Will Google keep their hands of the waves?worldsayshi (1660435) writes "Through my eyes, Google wave as a service has tremendous potential. I can already count a heap of project ideas lying around in the collective mindset of me and my friends heads waiting to be lifted into some structured and collaborative space. Also, the amount of interest for the service seems to be much wider among my friends than I expected. Although the hype has been around for a while I did only expect "techheads" to be enthusiastic about an invite. From what I can tell Google will have no problem in building a critical mass of users.
But. One great problem regarding the waves ability to fully extend to its potential as a collaborative idea-tool is the question that the title spells out. I know that I am not alone in worries of what will happen to potentially valuable ideas once they are spelled out in (private sessions in) the wave. If the wave succeeds in maintaining an aura of trust in the regard of letting people have their ideas to themselves, it has a potential of attracting some of the greatest ideas and thinkers of the world. If so, would Google be able to keep themselves from taking a peak on that which the user groups would rather have for themselves?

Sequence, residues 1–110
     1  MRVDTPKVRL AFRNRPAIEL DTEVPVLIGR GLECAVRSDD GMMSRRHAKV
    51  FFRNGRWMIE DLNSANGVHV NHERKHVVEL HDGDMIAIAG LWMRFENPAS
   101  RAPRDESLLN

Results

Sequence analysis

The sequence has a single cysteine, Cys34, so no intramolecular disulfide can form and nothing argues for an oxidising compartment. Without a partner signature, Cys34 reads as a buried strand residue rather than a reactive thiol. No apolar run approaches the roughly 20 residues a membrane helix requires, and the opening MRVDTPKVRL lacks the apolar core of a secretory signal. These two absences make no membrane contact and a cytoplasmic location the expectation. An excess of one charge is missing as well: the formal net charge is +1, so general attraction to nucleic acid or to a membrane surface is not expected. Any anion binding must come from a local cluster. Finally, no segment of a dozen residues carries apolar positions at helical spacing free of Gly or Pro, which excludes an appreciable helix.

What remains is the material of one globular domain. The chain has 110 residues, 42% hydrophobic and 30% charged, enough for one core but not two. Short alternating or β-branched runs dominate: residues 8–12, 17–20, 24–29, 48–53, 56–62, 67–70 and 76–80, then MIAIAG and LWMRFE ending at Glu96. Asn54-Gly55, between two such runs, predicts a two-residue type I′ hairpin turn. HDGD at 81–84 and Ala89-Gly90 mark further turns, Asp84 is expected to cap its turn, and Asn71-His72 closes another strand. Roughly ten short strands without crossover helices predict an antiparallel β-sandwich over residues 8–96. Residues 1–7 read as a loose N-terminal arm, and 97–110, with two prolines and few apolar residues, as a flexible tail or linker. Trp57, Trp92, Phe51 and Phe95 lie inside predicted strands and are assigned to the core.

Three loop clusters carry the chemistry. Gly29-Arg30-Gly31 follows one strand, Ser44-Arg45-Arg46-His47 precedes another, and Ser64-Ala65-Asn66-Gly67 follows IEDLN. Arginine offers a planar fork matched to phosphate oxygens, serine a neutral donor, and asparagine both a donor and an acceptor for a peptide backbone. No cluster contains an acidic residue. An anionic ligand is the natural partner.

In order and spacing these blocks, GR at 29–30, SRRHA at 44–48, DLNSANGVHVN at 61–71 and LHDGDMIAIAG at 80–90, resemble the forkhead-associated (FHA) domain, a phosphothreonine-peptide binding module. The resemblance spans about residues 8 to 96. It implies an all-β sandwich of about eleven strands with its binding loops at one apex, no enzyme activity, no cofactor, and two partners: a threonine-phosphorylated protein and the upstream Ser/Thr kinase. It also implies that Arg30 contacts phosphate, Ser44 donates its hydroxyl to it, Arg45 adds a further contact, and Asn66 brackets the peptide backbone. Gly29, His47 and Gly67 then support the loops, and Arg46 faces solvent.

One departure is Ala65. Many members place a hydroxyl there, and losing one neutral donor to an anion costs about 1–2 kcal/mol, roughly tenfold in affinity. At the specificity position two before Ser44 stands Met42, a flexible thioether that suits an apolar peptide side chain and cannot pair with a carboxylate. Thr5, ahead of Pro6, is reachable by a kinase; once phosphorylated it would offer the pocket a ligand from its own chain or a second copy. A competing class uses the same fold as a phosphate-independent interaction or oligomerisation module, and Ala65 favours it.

In any case, it is what they would be able to do and what people expect them to be doing that would matter in this regard. If you are unable to trust google with your ideas, you will not use google wave to it's fullest potential. The problem might not be solved by creating an alternative wave server/service. The problem might run deeper than that. There is always someone in the center of things, hosting the service. Can you trust them with that information? If I would be the CEO in a large company, I wouldn't. I would set up my own, internal service. If I would be an entrepreneur filled with ideas in need of development, but with no capital. Probably I would weigh the risk of having someone reading my stuff (and my trusted friends stuff) over my shoulder. Maybe I would take that risk, maybe not."